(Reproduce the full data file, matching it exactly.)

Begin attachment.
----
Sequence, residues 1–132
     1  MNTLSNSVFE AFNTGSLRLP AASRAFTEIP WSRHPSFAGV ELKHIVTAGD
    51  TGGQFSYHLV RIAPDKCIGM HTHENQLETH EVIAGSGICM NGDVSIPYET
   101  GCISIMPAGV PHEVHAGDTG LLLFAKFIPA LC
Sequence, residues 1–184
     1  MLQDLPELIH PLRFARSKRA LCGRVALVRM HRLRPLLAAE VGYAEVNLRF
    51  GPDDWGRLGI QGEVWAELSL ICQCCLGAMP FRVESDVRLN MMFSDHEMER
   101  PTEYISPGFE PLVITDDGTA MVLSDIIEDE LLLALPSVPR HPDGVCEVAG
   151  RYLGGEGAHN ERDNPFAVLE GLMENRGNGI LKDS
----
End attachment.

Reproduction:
Sequence, residues 1–132
     1  MNTLSNSVFE AFNTGSLRLP AASRAFTEIP WSRHPSFAGV ELKHIVTAGD
    51  TGGQFSYHLV RIAPDKCIGM HTHENQLETH EVIAGSGICM NGDVSIPYET
   101  GCISIMPAGV PHEVHAGDTG LLLFAKFIPA LC
Sequence, residues 1–184
     1  MLQDLPELIH PLRFARSKRA LCGRVALVRM HRLRPLLAAE VGYAEVNLRF
    51  GPDDWGRLGI QGEVWAELSL ICQCCLGAMP FRVESDVRLN MMFSDHEMER
   101  PTEYISPGFE PLVITDDGTA MVLSDIIEDE LLLALPSVPR HPDGVCEVAG
   151  RYLGGEGAHN ERDNPFAVLE GLMENRGNGI LKDS